UA Foundation Names Dr. Tod A. Burnett as President
The University of Alaska Foundation Board of Directors named Dr. Tod A. Burnett as President of the University of Alaska Foundation and Chief Development Officer of the University of Alaska. Burnett was previously the executive vice chancellor for advancement at Brandman University, Irvine, CA, and has extensive experience in higher education philanthropy and non-profit leadership. Burnett succeeds Susan Foley who retired in August and will begin his presidency on November 8, 2020.
In addition to his advancement position at Brandman, Burnett served as the university’s interim dean for the school of education and as adjunct faculty.
Prior to his time at Brandman, Burnett served for nearly ten years as president of Saddleback College in Mission Viejo, CA where he led the community college’s efforts in building a highly successful foundation and enhancing workforce development and student success. Burnett also was previously vice chancellor of the California Community Colleges, and served in the Office of California Governor Arnold Schwarzenegger, as the director of state and local government relations for the U.S. Environmental Protection Agency in Washington, D.C. and as a commissioner on the Los Angeles Board of Public Works.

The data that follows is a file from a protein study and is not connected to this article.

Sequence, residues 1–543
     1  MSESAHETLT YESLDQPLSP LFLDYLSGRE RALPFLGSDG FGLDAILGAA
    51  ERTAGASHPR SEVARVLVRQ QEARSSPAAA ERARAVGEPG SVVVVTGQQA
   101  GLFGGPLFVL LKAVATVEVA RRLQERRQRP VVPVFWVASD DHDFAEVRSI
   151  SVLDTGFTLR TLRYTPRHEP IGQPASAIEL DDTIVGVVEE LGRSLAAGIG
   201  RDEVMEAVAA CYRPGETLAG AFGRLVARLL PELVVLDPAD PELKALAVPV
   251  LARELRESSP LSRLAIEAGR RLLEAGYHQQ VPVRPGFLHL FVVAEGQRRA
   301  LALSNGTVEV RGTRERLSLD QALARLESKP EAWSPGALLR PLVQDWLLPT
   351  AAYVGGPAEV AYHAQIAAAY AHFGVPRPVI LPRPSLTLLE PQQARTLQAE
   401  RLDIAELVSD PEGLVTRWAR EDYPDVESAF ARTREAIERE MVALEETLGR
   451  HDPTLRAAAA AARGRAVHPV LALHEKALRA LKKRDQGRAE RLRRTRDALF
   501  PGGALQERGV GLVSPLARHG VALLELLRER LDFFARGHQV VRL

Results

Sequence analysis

Burnett has extensive private business experience, has served on a number of public and private boards and commissions and has been recognized by more than 75 public officials and organizations for his contributions to community and social causes.
Burnett earned a bachelor’s in political science from University of California, Riverside, a master’s in management/finance from University of Southern California and a doctorate in education and psychology from Pepperdine University.
In This Issue
Alaska Problems Require Alaska Solutions
On January 16, a fire destroyed the water plant and washeteria in the southwest Alaska village of Tuluksak. For the village of about 350 people, it was a devastating blow. The water plant was the only source of drinking water in the village, in which the primarily Yup’ik residents lack indoor plumbing and rely on honey buckets, not uncommon in the flat, swampy region.